In men, there were no associations between diabetes prevalence and the three measures of socio-economic position. A weak association of social class, qualification level and household income with diabetes in 2006 was accounted for by other risk factors for diabetes prevalence.

Slope index of inequalities

Table 3 shows the SII compared by survey year and gender.

View this table:
Table 3

Slope Index of Inequalities (SII) and Relative Index of Inequalities (RII) for diabetes prevalence, compared by year of survey and sex; age-adjusted diabetes rates using the European Standard Population

1994199820032006RII 1994 vs. 20061994199820032006RII 1994 vs. 2006
Social class (95% CI)−0.23 (–5.87 to 5.39)−0.94 (–4.17 to 2.30)−1.54 (–4.90 to 1.82)−2.80 (–7.90 to 2.30)−6% (NS) vs. –39% (NS)−1.65 (–3.61 to 0.32)−2.39 (–4.98 to 0.21)−2.79 (–7.16 to 1.59)−4.95 (–8.52 to –1.38)−72% (NS) vs. –101%
Education (95% CI)−0.41 (–3.41 to 2.58)−1.19 (–3.83 to 1.45)−1.26 (–7.08 to 4.57)−2.29 (–11.28 to 6.70)−11% (NS) vs. –32% (NS)−1.39 (–3.33 to 0.55)−4.47 (–5.95 to –3.00)−3.78 (–9.61 to 2.04)−6.48 (–9.03 to –3.93)−61% (NS) vs. –133%
RII 1998 vs. 2006RII 1998 vs. 2006
Household income (95% CI)−1.08 (–4.39 to 2.24)−4.12 (–6.41 to –1.83)−1.5 (–6.71 to 3.70)−26% (NS) vs. –21% (NS)−4.38 (–7.98 to –0.79)−4.34 (–8.61 to –0.64)−6.89 (–11.42 to –2.35)−154% vs. –141%

In women, there were no differences in diabetes prevalence evident between social classes or between high and low education groups in 1994. Over time, there was a gradual evolution of a gap in diabetes prevalence by social class and by qualification level with evidence of a gradient in 2006. Diabetes prevalence differed by 4.95% between women in social class I and social class V and by 6.48% between women with A-levels or higher education and those with no qualifications. There was evidence of inequality by level of household income from 1998 until 2006, corresponding to the independent associations between household income and diabetes prevalence shown in table 2.

In men, SII values did not significantly differ from zero for the socio-economic measures social class and level of education during the years investigated. For household income, there was evidence of inequality in 2003 with a difference in diabetes prevalence of 4.12% between highest and lowest household income groups. This finding was not persistent in the other years examined.

Diabetes prevalence by age group

Diabetes prevalence increased with age and in an overall binomial regression model, the prevalence ratio was 4.76 in 45- to 54-year-old men and 9.61 in 75- to 84-year-old men (compared to the 35–44 year age group). In women, the prevalence ratio was 4.41 in 45- to 54-year olds and 7.89 in 75- to 84-year olds (compared to the 35- to 44-year reference group). There was no evidence of age acting as an effect modifier when interaction factors (= age with respective socio-economic indicator) were included in the regression models and all P-values remained >0.1. Interaction factors between age group and year of survey also remained non-significant (in men P-value = 0.37; in women P-value = 0.57)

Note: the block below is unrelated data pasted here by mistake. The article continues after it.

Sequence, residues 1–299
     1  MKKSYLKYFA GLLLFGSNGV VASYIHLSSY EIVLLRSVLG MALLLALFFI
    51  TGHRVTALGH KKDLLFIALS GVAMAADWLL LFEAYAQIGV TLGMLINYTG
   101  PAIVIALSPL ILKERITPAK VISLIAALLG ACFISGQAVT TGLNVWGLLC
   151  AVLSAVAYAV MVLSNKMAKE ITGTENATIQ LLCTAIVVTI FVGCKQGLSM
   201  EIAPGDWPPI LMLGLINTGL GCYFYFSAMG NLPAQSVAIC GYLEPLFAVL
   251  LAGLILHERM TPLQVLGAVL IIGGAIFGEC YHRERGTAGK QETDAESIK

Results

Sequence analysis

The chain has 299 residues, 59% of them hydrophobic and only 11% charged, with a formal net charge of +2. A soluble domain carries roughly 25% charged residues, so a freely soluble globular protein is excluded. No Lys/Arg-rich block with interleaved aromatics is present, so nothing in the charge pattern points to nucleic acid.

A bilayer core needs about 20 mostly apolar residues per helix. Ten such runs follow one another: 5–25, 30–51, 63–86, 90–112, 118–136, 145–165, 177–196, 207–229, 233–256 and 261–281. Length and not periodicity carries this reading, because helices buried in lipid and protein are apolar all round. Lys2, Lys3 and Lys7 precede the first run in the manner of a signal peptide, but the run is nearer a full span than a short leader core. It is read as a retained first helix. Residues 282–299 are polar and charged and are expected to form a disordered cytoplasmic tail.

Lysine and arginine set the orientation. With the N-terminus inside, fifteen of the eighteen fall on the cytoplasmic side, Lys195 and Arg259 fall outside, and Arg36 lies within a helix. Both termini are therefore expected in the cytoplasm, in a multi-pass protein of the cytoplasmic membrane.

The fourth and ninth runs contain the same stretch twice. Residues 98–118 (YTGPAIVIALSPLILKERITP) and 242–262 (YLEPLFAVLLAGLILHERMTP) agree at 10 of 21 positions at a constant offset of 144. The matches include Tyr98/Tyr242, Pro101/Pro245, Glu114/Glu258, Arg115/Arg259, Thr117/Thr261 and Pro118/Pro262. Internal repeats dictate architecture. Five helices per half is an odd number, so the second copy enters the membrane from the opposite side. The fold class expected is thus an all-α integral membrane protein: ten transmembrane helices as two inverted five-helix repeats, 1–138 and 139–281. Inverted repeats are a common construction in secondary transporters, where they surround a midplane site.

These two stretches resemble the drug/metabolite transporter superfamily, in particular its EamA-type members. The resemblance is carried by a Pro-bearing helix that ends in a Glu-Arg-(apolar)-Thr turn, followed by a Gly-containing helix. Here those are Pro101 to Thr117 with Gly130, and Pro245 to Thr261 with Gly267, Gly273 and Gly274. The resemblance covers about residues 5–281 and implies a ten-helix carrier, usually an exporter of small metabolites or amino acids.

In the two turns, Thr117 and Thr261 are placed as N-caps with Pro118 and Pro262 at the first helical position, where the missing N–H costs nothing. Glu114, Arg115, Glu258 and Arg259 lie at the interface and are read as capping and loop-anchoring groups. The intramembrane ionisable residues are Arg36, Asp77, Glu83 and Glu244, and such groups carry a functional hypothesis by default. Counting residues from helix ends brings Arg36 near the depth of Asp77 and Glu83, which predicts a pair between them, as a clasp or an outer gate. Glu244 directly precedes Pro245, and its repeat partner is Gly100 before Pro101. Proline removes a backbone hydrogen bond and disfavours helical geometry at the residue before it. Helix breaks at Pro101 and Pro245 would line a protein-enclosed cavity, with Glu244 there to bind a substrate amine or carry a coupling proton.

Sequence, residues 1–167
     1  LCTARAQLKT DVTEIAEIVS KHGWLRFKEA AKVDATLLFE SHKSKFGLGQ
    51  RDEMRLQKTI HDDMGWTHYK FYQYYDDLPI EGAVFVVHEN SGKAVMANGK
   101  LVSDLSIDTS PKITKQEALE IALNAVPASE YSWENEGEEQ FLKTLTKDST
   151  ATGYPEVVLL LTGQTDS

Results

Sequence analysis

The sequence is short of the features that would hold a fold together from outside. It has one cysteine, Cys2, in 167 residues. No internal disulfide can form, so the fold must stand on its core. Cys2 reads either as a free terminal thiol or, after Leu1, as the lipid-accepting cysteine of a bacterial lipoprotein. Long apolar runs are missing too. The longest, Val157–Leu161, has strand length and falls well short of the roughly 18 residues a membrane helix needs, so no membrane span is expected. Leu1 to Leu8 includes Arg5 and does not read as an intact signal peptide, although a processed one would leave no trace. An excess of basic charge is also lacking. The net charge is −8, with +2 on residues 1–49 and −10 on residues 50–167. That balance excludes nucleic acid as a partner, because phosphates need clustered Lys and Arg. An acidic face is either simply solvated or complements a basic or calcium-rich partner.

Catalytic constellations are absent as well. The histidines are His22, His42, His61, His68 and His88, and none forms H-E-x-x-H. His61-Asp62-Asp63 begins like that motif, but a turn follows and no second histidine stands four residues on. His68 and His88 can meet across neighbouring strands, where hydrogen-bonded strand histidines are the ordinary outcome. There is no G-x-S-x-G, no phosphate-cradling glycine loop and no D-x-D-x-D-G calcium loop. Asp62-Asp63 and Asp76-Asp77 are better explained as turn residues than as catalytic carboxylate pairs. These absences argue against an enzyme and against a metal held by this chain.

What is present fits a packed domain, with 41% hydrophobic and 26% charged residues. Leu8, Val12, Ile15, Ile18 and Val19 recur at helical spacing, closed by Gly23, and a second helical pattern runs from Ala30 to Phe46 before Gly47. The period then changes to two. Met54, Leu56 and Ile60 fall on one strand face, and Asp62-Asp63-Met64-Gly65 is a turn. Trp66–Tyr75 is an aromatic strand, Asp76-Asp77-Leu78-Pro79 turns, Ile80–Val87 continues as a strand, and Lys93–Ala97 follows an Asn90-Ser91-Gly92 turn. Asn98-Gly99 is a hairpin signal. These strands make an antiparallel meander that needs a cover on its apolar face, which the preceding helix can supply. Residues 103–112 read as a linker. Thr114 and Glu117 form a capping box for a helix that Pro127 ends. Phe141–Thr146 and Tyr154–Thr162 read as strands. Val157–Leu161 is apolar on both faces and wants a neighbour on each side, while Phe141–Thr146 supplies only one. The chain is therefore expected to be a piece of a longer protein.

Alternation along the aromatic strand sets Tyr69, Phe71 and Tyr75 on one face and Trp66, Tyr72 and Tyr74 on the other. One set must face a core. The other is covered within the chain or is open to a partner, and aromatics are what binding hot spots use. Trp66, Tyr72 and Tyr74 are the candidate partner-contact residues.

Diabetes diagnosis and glycated haemoglobin

Table 4 shows the prevalence of raised glycated haemoglobin levels (≥6.5%) in individuals not known to be diagnosed with diabetes. Measurements were only available for the years 2003 and 2006. In women, the highest percentages of potentially undiagnosed diabetes were in low social classes, in low household income groups and in lower education groups. In men this trend was less distinct.

View this table:
Table 4

Number (percentage) of individuals not known to be diabetic with a glycated haemoglobin measurement ≥6.5%

Men (2003 and 2006)Women (2003 and 2006)
Social class
    I10 (7.94)2 (2.33)
    II42 (33.33)16 (18.60)
    IIInm11 (8.73)21 (24.42)
    IIIm43 (34.13)8 (9.30)
    IV + V20 (15.87)35 (40.70)
    A-levels37 (29.37)9 (10.47)
    GCSE/O-levels16 (12.70)12 (13.95)
    Other15 (11.90)8 (9.30)
    None58 (46.03)57 (66.28)
Household income quintiles
    I23 (18.25)6 (6.98)
    II18 (14.29)8 (9.30)
    III19 (15.08)14 (16.28)
    IV29 (23.02)20 (23.26)
    V20 (15.87)23 (26.74)


The results of this study confirm that diabetes prevalence has increased over time. In women, the increase in diabetes prevalence was associated with increasing socio-economic inequality measured by social class and educational level. There are several possible explanations for this finding. Diabetes incidence could have increased disproportionately among lower socio-economic groups. Case ascertainment may have improved particularly in lower socio-economic classes. The finding may also be related to an increasingly ageing population with women living longer than men and the higher risk of poverty with older age, or to known inequalities in diabetes morbidity and mortality, improving treatment options for patients with diabetes and therefore potentially longer survival of people with diabetes in lower socio-economic classes.

In men, there appeared to be little change in socioeconomic inequality in diabetes prevalence over time.

Increased diabetes incidence and improved case ascertainment

An increase in type 2 diabetes incidence may be explained by the following risk factors for diabetes: unhealthy diet, obesity and a sedentary lifestyle.27

In high-income countries, socio-economic position has been associated with lifestyle and behavioural risk factors and it is well documented that lower socio-economic status is associated with lower levels of leisure-time physical activity, higher smoking rates and unhealthy diets that contain less fruit and vegetables and more saturated fats.27–29